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How to Keep Calm and Carry On

Jun 3, 2020 | 14m

Gain Actionable Insights Into:

  • Taking a much-needed break from your to-do list, even if you can’t leave your desk
  • Acknowledging your emotions and finding the courage to talk to someone who could help
  • Being a listening ear for your loved ones and helping them regulate their emotions


Be Kind to Yourself

Everyone has bad days. Maybe you woke up this morning and just did not feel like getting out of bed. As you scrolled through your emails and realised how much you had to do today, you turned off your alarm and decided to crawl back into bed to escape reality. You just didn’t feel like getting dressed or sitting in your home office for the next 10 hours.

No matter how you felt this morning, the job still needs to be done (unless of course, you decide to call in “sick”). People are still expecting you to show up and contribute to your team. Lives still need to be saved, and problems still need to be solved. So, how can you get through the day if you are not feeling your best?

If you’re a high achiever like me, as soon as you wake up on the wrong side of the bed, you start to punish yourself for feeling “blah”. We expect to be 100% most of the time because we are most fulfilled when we have checked off everything on our to-do list. But if you’re not feeling great, you naturally won’t be as productive as you normally would be. And that’s okay!

The main problem that hinders our productivity is our negative self-talk. Most of us don’t even realise how we are putting ourselves down. If you were to speak your thoughts out loud to a friend, you’d probably be horrified. It wouldn’t normally be culturally acceptable to speak to someone in such a degrading manner. Yet, that is exactly how we talk to ourselves.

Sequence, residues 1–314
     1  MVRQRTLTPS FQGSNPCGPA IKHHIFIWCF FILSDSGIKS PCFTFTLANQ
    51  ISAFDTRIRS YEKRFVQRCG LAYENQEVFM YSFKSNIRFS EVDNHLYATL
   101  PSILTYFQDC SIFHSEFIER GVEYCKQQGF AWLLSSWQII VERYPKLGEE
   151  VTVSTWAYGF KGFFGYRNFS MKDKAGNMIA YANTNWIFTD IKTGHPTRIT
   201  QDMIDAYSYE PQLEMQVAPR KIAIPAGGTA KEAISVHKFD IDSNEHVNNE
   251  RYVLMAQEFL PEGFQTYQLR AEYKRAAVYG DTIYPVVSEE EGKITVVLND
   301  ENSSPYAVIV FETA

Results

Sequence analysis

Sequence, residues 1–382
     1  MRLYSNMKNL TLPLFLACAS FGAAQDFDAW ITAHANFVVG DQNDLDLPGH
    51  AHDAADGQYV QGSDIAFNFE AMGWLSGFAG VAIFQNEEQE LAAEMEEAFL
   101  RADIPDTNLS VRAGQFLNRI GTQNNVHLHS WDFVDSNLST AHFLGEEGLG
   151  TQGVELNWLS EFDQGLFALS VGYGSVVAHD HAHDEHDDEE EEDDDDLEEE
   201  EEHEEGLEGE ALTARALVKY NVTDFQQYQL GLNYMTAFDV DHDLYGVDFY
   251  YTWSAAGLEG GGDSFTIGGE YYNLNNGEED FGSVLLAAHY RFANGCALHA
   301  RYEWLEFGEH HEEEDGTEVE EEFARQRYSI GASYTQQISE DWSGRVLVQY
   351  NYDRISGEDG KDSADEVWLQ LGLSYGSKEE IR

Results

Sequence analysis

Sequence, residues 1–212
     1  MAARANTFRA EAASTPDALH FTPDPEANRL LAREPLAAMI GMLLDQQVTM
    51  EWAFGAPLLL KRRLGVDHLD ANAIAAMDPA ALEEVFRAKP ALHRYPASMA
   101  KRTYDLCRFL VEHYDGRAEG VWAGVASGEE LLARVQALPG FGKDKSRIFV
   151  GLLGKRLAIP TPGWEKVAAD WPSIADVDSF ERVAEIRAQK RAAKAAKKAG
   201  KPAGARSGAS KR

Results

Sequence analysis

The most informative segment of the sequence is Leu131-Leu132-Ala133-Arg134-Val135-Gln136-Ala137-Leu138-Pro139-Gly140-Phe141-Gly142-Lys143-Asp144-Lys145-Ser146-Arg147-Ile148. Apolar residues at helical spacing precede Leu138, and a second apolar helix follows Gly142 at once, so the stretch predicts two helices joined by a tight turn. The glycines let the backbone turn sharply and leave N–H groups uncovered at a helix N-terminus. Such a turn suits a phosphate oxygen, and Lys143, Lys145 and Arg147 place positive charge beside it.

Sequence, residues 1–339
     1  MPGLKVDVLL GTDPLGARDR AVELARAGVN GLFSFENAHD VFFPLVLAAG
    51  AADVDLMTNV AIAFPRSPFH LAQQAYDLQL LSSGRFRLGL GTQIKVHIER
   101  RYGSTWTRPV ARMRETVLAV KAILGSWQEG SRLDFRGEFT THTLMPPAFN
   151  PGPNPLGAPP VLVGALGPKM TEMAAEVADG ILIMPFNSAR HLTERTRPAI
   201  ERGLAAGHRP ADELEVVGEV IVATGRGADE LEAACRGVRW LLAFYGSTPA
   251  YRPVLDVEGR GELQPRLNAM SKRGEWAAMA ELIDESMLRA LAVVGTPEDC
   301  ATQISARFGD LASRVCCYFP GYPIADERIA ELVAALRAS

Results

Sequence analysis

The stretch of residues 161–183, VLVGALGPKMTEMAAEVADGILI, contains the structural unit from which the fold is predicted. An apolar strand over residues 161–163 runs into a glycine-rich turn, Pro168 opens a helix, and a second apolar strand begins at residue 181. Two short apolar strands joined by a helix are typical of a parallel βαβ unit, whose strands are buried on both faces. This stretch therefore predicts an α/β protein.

If I happen to get up on the wrong side of the bed, I take a moment to stop and think about what I would say if my friend was in this situation. How would I encourage her throughout her day? The words I use would be gentler and kinder, and this is how we should speak to ourselves as well. Our self-talk makes a huge difference in our whole outlook for the day. If we don’t reign it in, it could lead us on a downward spiral.

With so much on our plates, we don’t often take the time to take care of ourselves. We have families and friends who need us to be present, and we have jobs that demand so much of our time and attention. We often end up neglecting ourselves and fail to take the time to do something that brings us joy.

But if you think about it, your ability to serve and care for those around you depends on how well you care for yourself. If you are not in the best place physically and emotionally, how will you be able to help someone carry their burden without falling down with them? If we want to be our best selves for those around us, we have to take the time to look after our hearts and minds.

Do Something You Love